Most regions of the UK have seen a rise in asking prices since the beginning of 2018, leading to a justifiably optimistic feel for the sector.
The latest property pricing index from Rightmove shows that the Midlands is leading the way with prices rising more than three times faster than the national average. This rise in asking prices is fuelled by record home hunting activity in the country. Continue reading →
It could well be a better year for the UK’s property market as a whole, and particularly for tenants and first-time buyers. Various changes in government policy and an increase in construction projects look set to boost the fortunes of those looking to get started on the property ladder. Continue reading →
Property experts Rightmove has predicted house prices will rise across England and Wales by 1% next year. However, they also point towards a decline of a further 2% in London in 2018. Continue reading →
Recent commentary from a UK-based estate agents suggest that British house prices are experiencing a ‘reverse ripple’ effect, as Central London loses its influence over the rest of the nation.
Traditionally, UK house price rises originate in Central London. The heart of our capital is home to some of the biggest businesses and wealthiest individuals on earth, so demand for Central London property has been high historically. This pushes up Central London residential property values, sparking a ripple which hits outer London, then South East England and finally the rest of the nation. Continue reading →
New figures from the Office For National Statistics (ONS) indicate that average UK house price growth increased in the year to August 2016, defying expectations. Richard Carr comments. Continue reading →
London’s housing crisis continues to worsen as the latest research suggest that the majority of housing in the least affordable areas of London is on average eight times the cost of the average UK wage, writes property developer Richard Carr.
The housing value vs wage ratio continues to grow
According to eMoov, London as a whole has average house prices which succeed the average wage by 14 times!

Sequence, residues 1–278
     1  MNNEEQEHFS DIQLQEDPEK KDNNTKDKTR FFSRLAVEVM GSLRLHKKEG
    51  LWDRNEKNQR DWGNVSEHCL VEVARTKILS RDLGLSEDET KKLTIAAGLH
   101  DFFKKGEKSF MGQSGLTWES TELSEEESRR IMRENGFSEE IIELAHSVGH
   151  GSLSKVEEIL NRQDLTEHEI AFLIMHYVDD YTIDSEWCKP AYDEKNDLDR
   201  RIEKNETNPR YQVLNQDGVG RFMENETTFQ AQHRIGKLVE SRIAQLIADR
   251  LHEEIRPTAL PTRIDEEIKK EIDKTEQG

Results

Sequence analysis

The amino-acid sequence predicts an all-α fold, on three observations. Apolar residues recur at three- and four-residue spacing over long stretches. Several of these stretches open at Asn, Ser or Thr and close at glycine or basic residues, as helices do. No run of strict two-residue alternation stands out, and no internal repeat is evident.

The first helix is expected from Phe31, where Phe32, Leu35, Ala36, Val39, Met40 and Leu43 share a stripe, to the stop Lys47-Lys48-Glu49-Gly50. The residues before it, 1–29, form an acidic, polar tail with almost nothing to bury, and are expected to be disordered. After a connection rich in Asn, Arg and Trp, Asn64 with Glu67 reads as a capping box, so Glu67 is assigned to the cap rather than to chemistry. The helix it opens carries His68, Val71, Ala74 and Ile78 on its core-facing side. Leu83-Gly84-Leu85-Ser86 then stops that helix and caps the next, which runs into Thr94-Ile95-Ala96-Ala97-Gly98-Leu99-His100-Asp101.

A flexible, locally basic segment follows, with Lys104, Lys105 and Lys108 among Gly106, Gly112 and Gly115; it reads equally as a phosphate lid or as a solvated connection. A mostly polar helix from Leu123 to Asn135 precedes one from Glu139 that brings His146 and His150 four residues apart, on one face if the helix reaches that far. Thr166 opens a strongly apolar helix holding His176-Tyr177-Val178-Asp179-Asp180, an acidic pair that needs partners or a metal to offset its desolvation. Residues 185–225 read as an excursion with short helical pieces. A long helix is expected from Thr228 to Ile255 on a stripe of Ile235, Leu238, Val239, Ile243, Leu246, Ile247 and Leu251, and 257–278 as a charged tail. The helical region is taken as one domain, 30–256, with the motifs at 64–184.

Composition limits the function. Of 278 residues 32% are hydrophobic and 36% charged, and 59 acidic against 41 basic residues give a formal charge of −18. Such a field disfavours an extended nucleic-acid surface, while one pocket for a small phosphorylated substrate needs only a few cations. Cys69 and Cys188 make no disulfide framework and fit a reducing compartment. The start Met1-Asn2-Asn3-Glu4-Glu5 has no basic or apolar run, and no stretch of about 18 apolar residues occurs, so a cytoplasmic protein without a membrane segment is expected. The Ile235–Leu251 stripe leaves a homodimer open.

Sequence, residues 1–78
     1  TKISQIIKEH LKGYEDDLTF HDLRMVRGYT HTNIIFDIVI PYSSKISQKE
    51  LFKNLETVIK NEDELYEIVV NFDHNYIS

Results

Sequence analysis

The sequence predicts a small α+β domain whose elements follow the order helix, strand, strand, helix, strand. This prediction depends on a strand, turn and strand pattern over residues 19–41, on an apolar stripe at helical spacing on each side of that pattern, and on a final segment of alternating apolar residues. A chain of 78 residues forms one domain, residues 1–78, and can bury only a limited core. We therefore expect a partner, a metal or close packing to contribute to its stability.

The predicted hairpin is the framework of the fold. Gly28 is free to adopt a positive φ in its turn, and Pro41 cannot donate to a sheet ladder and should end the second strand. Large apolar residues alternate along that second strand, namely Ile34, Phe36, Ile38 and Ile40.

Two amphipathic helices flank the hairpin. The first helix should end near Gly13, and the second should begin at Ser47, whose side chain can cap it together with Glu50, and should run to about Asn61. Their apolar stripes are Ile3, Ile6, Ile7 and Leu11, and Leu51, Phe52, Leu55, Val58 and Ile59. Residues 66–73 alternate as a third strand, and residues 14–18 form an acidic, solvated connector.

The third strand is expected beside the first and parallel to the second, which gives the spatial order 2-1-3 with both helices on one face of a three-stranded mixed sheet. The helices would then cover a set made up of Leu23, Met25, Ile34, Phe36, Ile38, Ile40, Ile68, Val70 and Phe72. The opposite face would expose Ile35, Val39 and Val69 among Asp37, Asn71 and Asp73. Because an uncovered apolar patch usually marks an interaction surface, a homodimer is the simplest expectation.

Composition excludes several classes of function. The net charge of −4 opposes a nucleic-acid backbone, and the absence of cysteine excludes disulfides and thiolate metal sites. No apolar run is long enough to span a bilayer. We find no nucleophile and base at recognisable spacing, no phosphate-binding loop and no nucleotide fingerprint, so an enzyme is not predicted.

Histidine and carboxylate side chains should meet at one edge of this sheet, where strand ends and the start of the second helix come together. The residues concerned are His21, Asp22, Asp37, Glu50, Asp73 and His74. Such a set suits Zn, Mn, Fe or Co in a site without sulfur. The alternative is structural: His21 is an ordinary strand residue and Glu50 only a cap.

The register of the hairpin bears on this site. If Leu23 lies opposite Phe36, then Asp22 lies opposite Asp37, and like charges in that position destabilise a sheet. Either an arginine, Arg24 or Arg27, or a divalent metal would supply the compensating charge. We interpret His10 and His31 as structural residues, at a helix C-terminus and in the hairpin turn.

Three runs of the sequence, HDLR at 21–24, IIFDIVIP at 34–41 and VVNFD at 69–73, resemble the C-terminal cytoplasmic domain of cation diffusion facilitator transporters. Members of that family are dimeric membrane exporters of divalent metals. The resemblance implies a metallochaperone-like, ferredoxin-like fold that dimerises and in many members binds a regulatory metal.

Unsurprisingly, both London and Kensington top the list with the average property price at £1.2m. The price of property in the borough is a ridiculous 46 times the average wage of £26,624 and the nation’s biggest gap in wage to property ratio by a long way.
Despite the trials and tribulations that many developers and house builders face in the UK, supply in the country’s housing market reached its highest level since March this year, writes property developer Richard Carr.
Property supply on the up – but will it continue?
The number of new homes available to buyers increased by 41% in August, which is the highest level experienced by estate agents since March 2016 when there was an average of 54 properties registered per branch.
This has resulted in there being an increase in the number of first time buyers with the National Association of Estate Agents (NAEA) reporting that the number of sales made to new property owners increased in August from 25% of total sales in July to 28%.
Investors can accrue strong returns from buy-to-let. Some markets are more lucrative for buy-to-let investors, with recently released data indicating that renting to students can provide significant returns, writes Richard Carr.
Changing British market
The Guardian writes that buy-to-let investors earned average returns of 1,400% from 1996, when specialist buy-to-let mortgages were first introduced, until the end of 2014. However according to What Mortgage, the British government has recently introduced a number of measures which could make buy-to-let a less profitable investment strategy for UK-based investors.
But a study conducted by property crowdfunding firm Property Partner indicates that letting property to students can still prove lucrative. Buy-to-let investor interest in this market usually crests at this point in the year, as students are moving through the housing system before starting university, providing landlords with many opportunities to attract tenants. Continue reading →